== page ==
Uganda’s Trade Deficit Widens by 50%

Uganda trade deficit with the rest of the world widened by 49.2 percent in Financial Year 2018/2019 as demand for imports continues to overhead the country’s exports.

According to the National Budget Framework Paper (NBFP) 2020/2021 presented by the Finance Minister, Matia Kasaija to Parliament in December, imports increased by USD$ 2.1bn from USD$ 7.5bn in 2017/2018 to USD$ 9.6bn in 2018/2019. The above increase represents 22.2 percent annual increase compared to 9.7 percent exports earnings increase from USD$ 5bn in 2017/2018 to USD$ 5.9bn in 2018/2019.

“Uganda recorded a higher trade deficit with the Rest of the world, as imports of goods grew faster than exports. In comparison with FY 2017/18, the value of imports increased by 22.2 percent to USD 9,604 million, while exports earnings improved by 9.7 percent to USD 5,898 million during FY 2018/19,” said part of the NBFP.

The above statistics means that trade deficit has been widened by USD 1,222 million (49.2percent) to USD 3,706 million in 2018/19 from USD 2,484 million registered in 2017/18.

At the regional level, Uganda’s exports to the sisterly neighboring Rwanda decreased by USD$ 89m from USD$ 253m in 2017/2018 to USD$ 167m in 2018/2019.

Noticeably, imports from Tanzania astronomically grew by 409 percent from USD$ 85m in 2017/2018 to USD$ 433m in 2018/2019.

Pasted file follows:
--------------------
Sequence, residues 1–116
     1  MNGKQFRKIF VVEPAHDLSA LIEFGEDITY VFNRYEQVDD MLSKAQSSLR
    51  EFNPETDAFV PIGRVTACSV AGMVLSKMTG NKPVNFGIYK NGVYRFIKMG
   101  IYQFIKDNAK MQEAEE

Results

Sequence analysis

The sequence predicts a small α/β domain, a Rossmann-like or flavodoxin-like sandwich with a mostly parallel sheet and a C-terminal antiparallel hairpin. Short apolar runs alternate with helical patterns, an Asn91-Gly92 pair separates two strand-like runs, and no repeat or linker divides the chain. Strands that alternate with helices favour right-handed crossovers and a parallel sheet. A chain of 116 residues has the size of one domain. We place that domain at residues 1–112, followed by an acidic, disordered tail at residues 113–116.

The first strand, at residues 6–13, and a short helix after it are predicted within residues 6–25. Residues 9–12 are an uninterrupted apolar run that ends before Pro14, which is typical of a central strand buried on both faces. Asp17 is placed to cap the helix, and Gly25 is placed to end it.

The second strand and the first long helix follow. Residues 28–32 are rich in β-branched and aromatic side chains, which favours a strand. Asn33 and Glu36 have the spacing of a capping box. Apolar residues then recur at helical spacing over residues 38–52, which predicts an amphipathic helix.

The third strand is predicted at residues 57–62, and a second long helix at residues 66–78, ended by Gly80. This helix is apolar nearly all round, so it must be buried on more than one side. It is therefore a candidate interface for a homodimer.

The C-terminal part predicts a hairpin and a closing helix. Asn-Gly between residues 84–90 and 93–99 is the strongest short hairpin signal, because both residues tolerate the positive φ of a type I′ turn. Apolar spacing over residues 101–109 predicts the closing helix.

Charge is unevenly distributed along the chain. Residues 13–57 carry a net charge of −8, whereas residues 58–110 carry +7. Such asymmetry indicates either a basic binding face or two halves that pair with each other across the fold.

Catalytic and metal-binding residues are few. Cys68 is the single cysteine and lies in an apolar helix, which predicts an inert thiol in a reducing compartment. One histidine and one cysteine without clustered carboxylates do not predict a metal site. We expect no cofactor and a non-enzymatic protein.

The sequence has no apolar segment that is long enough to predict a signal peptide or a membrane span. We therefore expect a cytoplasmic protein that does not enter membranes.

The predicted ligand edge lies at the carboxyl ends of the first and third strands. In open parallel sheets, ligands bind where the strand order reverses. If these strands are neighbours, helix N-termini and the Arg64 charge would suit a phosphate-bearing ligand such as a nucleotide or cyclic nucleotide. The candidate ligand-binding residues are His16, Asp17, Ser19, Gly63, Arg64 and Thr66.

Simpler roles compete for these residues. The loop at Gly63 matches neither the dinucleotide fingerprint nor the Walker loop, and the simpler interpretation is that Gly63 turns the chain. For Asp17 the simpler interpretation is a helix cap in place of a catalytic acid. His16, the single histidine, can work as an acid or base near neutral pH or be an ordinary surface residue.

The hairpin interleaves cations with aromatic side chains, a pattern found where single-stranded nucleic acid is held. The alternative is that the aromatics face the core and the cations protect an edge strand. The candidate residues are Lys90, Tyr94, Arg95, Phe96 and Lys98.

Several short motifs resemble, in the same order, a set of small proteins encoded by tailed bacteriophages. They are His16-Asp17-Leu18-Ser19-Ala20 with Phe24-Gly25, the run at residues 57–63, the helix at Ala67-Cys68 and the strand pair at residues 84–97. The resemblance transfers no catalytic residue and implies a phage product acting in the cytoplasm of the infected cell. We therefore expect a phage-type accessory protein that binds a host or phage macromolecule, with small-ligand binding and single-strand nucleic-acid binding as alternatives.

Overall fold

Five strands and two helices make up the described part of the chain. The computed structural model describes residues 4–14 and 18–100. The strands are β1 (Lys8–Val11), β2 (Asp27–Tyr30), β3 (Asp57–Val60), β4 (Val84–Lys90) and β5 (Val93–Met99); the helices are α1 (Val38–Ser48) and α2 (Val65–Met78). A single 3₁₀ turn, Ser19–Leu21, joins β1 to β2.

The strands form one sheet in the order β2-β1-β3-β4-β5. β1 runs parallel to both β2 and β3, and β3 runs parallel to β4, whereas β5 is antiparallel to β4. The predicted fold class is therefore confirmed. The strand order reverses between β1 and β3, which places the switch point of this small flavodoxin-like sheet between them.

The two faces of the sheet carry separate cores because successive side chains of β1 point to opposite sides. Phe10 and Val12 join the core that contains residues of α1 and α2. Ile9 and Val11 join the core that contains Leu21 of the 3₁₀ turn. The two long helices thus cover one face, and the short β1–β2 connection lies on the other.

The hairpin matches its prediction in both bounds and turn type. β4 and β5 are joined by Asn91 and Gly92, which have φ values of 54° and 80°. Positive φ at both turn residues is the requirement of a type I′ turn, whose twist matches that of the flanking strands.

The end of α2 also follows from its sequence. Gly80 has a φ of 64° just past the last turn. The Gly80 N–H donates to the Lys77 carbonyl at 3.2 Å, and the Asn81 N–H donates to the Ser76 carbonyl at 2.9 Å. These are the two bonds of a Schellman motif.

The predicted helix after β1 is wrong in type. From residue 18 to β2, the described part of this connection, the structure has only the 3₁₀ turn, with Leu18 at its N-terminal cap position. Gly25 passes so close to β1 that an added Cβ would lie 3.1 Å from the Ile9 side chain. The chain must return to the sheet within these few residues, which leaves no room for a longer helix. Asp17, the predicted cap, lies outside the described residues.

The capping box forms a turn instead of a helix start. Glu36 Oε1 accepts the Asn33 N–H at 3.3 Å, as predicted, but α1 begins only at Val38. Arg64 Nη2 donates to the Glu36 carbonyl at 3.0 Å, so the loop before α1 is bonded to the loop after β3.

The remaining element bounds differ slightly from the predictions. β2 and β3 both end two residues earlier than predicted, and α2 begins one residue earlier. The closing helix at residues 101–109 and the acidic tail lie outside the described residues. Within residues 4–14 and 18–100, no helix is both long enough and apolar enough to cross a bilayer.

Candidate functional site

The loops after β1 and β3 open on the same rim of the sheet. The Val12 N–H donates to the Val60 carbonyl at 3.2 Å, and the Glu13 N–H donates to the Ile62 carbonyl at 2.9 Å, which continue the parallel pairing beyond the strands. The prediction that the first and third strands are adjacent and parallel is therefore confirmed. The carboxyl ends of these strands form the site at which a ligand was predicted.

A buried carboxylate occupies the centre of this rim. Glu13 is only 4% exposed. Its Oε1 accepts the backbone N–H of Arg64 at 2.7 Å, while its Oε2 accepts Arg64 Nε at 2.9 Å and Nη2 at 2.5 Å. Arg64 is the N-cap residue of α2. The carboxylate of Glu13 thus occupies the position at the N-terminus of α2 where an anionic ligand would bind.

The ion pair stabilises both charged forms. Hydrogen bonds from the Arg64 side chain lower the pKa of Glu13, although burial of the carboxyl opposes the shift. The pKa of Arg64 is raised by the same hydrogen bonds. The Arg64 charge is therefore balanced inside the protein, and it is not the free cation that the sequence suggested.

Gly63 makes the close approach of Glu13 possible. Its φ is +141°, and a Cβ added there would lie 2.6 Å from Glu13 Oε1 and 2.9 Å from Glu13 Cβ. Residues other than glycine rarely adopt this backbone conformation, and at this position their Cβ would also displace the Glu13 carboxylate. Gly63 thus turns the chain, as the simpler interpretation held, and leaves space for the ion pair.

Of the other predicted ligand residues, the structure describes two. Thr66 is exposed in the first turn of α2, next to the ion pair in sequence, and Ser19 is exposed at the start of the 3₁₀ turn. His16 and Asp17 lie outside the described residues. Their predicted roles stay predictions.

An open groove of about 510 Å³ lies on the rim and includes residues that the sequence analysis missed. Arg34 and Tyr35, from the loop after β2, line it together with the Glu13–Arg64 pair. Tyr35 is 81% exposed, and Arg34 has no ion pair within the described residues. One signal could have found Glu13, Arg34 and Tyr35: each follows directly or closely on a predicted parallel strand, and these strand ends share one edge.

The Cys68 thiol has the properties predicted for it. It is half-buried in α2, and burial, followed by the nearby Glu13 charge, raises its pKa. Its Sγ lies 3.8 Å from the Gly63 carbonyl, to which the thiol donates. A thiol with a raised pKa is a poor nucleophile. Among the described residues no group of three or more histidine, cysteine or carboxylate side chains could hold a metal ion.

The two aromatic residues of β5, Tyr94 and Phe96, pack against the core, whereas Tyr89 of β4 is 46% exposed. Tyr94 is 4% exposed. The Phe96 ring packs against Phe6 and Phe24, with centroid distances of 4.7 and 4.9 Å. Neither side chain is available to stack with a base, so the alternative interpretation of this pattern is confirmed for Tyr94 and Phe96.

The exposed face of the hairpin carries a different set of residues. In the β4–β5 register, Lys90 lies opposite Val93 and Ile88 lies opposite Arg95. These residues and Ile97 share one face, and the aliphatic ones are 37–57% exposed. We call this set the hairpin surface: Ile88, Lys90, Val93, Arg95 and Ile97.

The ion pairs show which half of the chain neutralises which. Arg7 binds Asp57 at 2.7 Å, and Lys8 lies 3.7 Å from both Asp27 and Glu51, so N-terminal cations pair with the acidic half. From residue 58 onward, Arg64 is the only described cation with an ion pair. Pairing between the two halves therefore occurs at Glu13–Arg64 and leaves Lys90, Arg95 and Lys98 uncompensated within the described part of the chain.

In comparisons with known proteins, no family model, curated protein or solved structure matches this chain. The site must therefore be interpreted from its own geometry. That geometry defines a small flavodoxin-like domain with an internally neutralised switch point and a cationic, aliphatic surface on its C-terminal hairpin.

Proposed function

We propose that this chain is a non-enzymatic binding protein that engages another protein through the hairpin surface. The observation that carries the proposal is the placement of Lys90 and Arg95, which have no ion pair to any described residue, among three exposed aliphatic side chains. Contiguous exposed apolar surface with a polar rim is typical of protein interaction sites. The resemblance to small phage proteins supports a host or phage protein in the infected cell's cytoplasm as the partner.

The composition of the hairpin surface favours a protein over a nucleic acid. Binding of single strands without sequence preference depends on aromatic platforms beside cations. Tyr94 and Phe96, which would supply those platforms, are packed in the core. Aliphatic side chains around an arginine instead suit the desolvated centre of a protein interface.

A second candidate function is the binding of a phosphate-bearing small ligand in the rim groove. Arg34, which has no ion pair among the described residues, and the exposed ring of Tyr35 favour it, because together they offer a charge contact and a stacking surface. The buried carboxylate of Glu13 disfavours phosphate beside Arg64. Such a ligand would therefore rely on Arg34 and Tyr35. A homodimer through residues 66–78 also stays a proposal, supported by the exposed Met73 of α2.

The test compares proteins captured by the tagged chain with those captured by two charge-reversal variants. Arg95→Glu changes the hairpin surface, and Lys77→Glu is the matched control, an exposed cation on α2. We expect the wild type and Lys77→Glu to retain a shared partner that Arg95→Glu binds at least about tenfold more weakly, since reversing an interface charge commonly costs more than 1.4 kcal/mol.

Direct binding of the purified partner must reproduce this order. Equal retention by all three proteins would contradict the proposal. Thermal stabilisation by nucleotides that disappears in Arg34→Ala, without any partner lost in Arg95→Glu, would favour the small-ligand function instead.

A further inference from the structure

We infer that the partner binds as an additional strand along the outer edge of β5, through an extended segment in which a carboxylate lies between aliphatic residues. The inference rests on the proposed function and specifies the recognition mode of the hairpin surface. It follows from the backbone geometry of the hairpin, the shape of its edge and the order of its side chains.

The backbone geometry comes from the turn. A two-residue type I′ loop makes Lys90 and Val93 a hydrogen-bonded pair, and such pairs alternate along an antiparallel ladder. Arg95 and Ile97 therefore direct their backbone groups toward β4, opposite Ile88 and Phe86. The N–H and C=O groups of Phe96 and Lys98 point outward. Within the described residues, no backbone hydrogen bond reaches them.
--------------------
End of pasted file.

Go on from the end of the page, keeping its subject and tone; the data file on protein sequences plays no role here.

Uganda continues to enjoy trade surplus with the EAC partner states at USD$ 11m in 2018/2019 though big decline from USD$ 932 in 2017/2018 representing 8,372 percent drop.

According to the Finance Ministry, increased imports from partners states like Tanzania was due to existence of non-tariff barriers and the decline of trade between Uganda and Rwanda is blamed on the “temporary” border closure.


Meanwhile the decline in agricultural exports such as beans and maize to the region, specifically to Kenya was due to increased domestic production of similar products is also responsible for the regional trade decline.

Government has embarked on measures to increase imports substitution (producing highly demanded goods and services from abroad, in the country) in the areas of furniture, textile, information and communication technology and others.

Several factories were also erected last year to mainly add value on agricultural products and other exports.

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